بررسی دوباره رابطه مصرف برق و رشد اقتصادی در پرتغال
|کد مقاله||سال انتشار||تعداد صفحات مقاله انگلیسی||ترجمه فارسی|
|11483||2013||10 صفحه PDF||سفارش دهید|
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Publisher : Elsevier - Science Direct (الزویر - ساینس دایرکت)
Journal : Energy Policy, Volume 62, November 2013, Pages 1515–1524
In the previous decades, a number of studies have been conducted to analyse the causal relationship between electricity consumption and economic growth in the Portuguese economy. However, the evidence remains controversial because the previous studies do not provide clear causality evidence. This might be attributed to the omitted variables bias because most previous studies only focus on the relationship between electricity consumption and economic growth in a bi-variate model. This paper attempts to re-investigate the relationship between electricity consumption and economic growth in Portugal using a multivariate model. Based on the bounds testing approach to cointegration and the Granger causality test within the vector error-correction model (VECM), our empirical results confirm the presence of cointegration among the variables. Moreover, there is evidence of bi-directional causality between electricity consumption and economic growth in the short- and long-run. This suggests that energy is an important source of economic growth in Portugal. Therefore, energy conservation policies should not be implemented because it would deteriorate the process of economic growth and development of the Portuguese economy.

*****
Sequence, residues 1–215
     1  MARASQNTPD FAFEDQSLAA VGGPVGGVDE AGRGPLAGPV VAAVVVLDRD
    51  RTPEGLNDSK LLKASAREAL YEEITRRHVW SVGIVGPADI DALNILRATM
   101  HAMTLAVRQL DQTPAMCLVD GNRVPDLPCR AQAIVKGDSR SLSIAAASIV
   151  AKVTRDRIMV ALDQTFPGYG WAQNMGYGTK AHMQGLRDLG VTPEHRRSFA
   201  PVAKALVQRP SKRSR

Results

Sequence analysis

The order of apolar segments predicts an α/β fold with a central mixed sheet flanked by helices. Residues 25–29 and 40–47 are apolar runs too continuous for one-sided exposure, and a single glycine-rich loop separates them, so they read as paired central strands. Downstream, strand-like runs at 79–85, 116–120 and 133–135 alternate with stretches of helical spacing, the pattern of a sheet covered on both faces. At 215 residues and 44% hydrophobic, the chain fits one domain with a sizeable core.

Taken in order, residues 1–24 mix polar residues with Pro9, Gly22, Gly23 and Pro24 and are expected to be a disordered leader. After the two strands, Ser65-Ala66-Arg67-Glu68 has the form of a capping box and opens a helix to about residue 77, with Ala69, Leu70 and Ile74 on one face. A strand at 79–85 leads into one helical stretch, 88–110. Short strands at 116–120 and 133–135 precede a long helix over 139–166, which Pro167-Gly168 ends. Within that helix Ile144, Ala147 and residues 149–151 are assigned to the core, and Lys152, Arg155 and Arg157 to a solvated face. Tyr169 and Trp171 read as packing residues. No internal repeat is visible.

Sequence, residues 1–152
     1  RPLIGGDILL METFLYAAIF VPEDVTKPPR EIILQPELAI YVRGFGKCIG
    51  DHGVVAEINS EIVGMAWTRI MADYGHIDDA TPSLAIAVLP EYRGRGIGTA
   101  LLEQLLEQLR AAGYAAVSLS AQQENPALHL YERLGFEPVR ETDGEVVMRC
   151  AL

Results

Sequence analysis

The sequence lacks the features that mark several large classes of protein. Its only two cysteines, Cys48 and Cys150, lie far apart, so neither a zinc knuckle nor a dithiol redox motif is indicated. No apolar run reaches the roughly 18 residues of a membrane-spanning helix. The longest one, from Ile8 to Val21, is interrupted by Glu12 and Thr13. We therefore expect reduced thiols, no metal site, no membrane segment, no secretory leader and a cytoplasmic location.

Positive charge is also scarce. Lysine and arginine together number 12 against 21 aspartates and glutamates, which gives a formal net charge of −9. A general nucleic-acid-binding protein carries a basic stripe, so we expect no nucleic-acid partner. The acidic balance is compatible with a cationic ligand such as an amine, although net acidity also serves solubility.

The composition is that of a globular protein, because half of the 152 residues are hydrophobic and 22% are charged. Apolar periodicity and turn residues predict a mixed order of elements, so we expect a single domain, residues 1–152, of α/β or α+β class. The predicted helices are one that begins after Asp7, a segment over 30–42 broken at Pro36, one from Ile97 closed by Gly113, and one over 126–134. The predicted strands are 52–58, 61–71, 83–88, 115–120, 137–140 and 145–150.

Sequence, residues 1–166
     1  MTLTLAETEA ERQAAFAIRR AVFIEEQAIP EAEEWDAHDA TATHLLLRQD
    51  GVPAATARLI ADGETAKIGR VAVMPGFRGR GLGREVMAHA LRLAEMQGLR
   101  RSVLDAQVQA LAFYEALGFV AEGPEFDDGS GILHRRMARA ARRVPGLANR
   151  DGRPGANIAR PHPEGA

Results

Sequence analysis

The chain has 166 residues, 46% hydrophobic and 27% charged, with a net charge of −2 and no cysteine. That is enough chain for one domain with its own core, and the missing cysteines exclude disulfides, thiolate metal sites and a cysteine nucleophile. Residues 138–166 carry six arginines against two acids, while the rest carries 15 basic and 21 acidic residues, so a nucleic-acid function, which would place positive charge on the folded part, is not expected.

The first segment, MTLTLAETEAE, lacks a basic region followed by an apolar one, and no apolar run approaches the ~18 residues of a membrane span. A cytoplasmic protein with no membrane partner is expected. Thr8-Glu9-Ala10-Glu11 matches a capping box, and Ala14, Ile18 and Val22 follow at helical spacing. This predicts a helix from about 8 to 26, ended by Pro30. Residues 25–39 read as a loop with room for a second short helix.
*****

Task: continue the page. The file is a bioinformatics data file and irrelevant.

Retrospectively, Kraft and Kraft (1978) was the first empirical work dealing with the causal relationship between energy consumption and economic growth. Their findings suggested strong uni-directional causality running from economic growth to energy consumption in the United States. These interesting findings motivated many researchers to replicate the causal relationship between energy consumption and economic growth at different countries and/or regions (Abosedra et al., 2009, Apergis and Payne, 2010, Li et al., 2008 and Shahbaz and Lean, 2012b). The energy-growth nexus is of great interest because it has significant policy implications. For example, if the causality finding supports the growth hypothesis that is uni-directional causality running from energy consumption to economic growth, then energy conservation policies may retard the process of economic growth. On the other hand, if the causality finding supports the conservation hypothesis that is uni-directional causality running from economic growth to energy consumption, then energy conservation policies may have less or no impact on economic growth. Hence, it is utmost important to verify the actual direction of causal relationship between the variables. Although there are many studies have been conducted in this area, empirical analysis for Portugal is relatively scarce. As far as we know, only Murry and Nan (1994), Narayan and Prasad (2008), Chontanawat et al. (2008), Ciarreta et al. (2009) and Shahbaz et al. (2011) have investigated the energy-growth nexus in Portugal. Unfortunately, most of these studies examined the energy-growth nexus in a bi-variate framework. Consequently, those studies in bi-variate setting cannot find cointegration and long-run causality. Furthermore, the direction of causality between energy consumption and economic growth remains controversial. For example, Murry and Nan (1994) supported the neutrality hypothesis where energy consumption and economic growth does not Granger cause each other, but Narayan and Prasad (2008) and Chontanawat et al. (2008) exhibited that energy consumption Granger causes economic growth in Portugal. On the contrary, Ciarreta et al. (2009) found that economic growth Granger causes electricity consumption in Portugal instead of the other way around. Recently, Shahbaz et al. (2011) found bi-directional causality between electricity consumption and economic growth in Portugal. According to Lütkepohl (1982), Granger causality test with a bi-variate model tend to produce bias result due to omitted variable(s). Previous empirical studies reviewed by Ozturk (2010) and Payne (2010) also found that omitted variable(s) bias is the key factor explaining the ambiguous causality evidences among the energy-growth studies. Karanfil (2009) and Bartleet and Rukmani (2010) suggested to accommodate other important variables to analyse the energy-growth nexus. Strictly speaking, relative price, foreign direct investment (FDI), trade openness and financial development are the potential variables affecting energy (or electricity) consumption and its relationship with economic growth. The theory of consumer behaviour emphasised that price is the key factor in demand function. Dunkerley (1982) and Hoa (1993) added that price of energy must not be ignored because it is very important in affecting income and the demand for energy. In opened economy, capitals and goods are highly mobilised due to the presence of FDI, foreign trade and the well functioning financial system. The inflows of FDI can affect energy consumption and economic growth via the expansion of industrialisation, transportation and manufacturing sectors (Tang, 2009). However, FDI is the main channel for technology transfer that may also help to use energy more efficiently. Next, both exports and imports activities (i.e. trade openness) can also influence the demand for energy and economic growth. For example, export expansion will increase the demand for energy use to operate the machines and equipments in production and transportation of export products. Likewise, the export expansion will also increase a country′s economic output via specialisation in production of exports which can lead to higher degree of competition, economies of scale and technology transfer. With regard to imports, if more energy-intensive products like television, computer, automobile, air-conditioner and washing machine are imported, the demand for energy will also increase. However, the endogenous growth theory stipulated that imports can be a potential channel to promote economic growth by transferring technology and factors of production into the domestic economy. Finally, financial development is another important variable for energy consumption and economic growth. Sadorsky (2010, 2011) stressed that financial development is required to operate the equity market, allow easy access to financial capital for investment across countries, facilitate inflows of FDI and lower the financial risk and borrowing costs between lenders and borrowers. Financial development directly affects the energy consumption by improving the easy access of consumers and producers to financial resources offered by the banks at low interest rates to purchase the durable items like televisions, computers, refrigerators, washing machines, mobiles and air conditioners (Sadorsky, 2011; Shahbaz and Lean, 2012a). Hence, financial development will enhance economic efficiency and growth, which in turn affects the demand for energy. Nevertheless, financial development can also improve energy efficiency by lending money to support the development of energy savings industries and infrastructures. In light of these compelling arguments, the purpose of this study is to fill the lacuna by re-assessing the nexus between electricity consumption and economic growth in Portugal using a multivariate model. This study contributes to the existing energy-growth literature in several contexts. First, unlike the earlier studies in Portugal, we take into account other control variables such as relative price, FDI, trade openness and financial development to avoid the omitted variables bias. At best, these control variables have not been considered by the previous studies in Portugal. Therefore, this is the first study investigating the link between electricity consumption, economic growth, relative price, FDI, trade openness and financial development in Portugal. Second, the theoretical framework of this study is constructed based upon the theory of consumer behaviour rather than an ad hoc specification. By doing so, we have effectively married four catalysts of growth in a system—energy-led growth, trade-led growth, FDI-led growth and finance-led growth. Therefore, the results of this study are more robust, reliable and policy-orientated. Third, the existing studies (e.g. Chandran et al., 2010 and Masih and Masih, 1997) used the price of energy, while this study uses the relative price of energy to non-energy goods as a control variable. Following the theory of consumer behaviour and Nordhaus (1979), consumer′s decision-making does not only based upon the price of energy, but they will also consider the price of non-energy goods. Therefore, relative price of energy to non-energy goods is more comprehensive compared with the price of energy. Besides empirical modeling, another contribution of this study is to address the small sample property (T=36) by following Ozturk′s (2010) recommendation to employ the bounds testing approach to cointegration advocated by Pesaran et al. (2001) to examine the presence of a long-run equilibrium relationship between electricity consumption, economic growth, relative price, trade openness, FDI and financial development in Portugal. The bounds testing approach cointegration is superior to other cointegration tests when the order of integration of the explanatory variables are either I(0) or I(1). Finally, the multivariate Granger causality test within the vector error-correction model (VECM) will be employed to verify the direction of Granger causality between the variables of interest. By doing so, we can obtain the dynamic relationship between the variables of interest and better policy recommendations pertaining to the Portuguese economy can be derived from the findings of this study. The remainder of this study is structured as follows. Section 2 will review the electricity consumption and economic growth in Portugal. Section 3 presents the literature review. Section 4 sets out the theoretical framework, estimation procedures and data used in this study. Section 5 discusses the empirical findings and Section 6 will reports the conclusion and policy implications of this study.